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Honoring Nepal

The Rubin Museum in New York City responds to the earthquake disaster by honoring sacred pieces of Nepalese artwork.
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The Bodhisattva of Compassion, Avalokiteshvara, is one of the most popular deities in Nepal, where 108 forms of him are known. In his simplest form, extending his right hand in the gesture of giving and holding the stalk of a lotus (now broken) in his left hand. (Rubin Museum of Art)
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The Bodhisattva of Compassion, Avalokiteshvara, is one of the most popular deities in Nepal, where 108 forms of him are known. In his simplest form, extending his right hand in the gesture of giving and holding the stalk of a lotus (now broken) in his left hand. (Rubin Museum of Art)

In Nepal, Buddhist deities and Hindu gods are both vital parts of ritual life and are worshiped side-by-side. (Rubin Museum of Art)
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In Nepal, Buddhist deities and Hindu gods are both vital parts of ritual life and are worshiped side-by-side. (Rubin Museum of Art)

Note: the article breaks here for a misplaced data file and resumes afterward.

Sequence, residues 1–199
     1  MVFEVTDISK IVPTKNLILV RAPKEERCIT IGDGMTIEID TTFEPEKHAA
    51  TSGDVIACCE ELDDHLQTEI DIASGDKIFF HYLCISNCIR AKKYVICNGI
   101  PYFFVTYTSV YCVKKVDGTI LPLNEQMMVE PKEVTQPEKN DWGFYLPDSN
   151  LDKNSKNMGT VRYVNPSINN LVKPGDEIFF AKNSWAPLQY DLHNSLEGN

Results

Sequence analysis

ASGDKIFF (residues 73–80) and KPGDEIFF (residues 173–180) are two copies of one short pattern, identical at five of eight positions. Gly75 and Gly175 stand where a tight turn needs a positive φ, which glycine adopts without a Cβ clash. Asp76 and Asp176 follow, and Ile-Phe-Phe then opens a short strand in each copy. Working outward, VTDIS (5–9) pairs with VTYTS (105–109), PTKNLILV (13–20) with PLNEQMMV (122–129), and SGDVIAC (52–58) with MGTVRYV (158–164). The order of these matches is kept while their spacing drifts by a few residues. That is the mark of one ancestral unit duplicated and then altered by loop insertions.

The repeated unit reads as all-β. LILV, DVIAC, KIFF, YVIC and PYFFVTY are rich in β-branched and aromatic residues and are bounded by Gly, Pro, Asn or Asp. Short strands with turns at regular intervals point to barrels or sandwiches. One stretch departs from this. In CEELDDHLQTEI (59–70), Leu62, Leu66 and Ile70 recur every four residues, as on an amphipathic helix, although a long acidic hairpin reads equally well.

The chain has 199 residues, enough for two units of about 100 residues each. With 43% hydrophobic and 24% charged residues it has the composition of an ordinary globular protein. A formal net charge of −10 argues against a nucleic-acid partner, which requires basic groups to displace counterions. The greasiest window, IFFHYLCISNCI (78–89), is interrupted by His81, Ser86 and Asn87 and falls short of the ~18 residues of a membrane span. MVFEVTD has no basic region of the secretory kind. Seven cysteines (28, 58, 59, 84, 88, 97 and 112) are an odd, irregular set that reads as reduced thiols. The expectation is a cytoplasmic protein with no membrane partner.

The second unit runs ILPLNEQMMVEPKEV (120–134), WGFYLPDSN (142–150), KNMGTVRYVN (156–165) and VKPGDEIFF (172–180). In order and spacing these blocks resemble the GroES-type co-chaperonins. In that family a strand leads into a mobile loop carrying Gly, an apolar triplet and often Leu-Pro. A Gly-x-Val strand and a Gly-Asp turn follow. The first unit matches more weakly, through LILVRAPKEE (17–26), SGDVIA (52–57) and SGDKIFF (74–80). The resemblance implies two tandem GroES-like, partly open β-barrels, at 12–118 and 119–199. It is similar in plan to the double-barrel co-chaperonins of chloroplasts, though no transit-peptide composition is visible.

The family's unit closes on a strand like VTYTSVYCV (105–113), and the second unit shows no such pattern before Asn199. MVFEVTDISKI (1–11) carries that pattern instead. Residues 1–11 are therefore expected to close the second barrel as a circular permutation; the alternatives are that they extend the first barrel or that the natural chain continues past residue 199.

Masks are used in shamanistic practices, communal rituals, and theatrical performances. (Rubin Museum of Art)
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Masks are used in shamanistic practices, communal rituals, and theatrical performances. (Rubin Museum of Art)

​The importance of Nepal as a rich and historic source for sacred Buddhist and Hindu art is reflected in the more than six hundred Nepalese objects in this museum collection. (Rubin Museum of Art)
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​The importance of Nepal as a rich and historic source for sacred Buddhist and Hindu art is reflected in the more than six hundred Nepalese objects in this museum collection. (Rubin Museum of Art)

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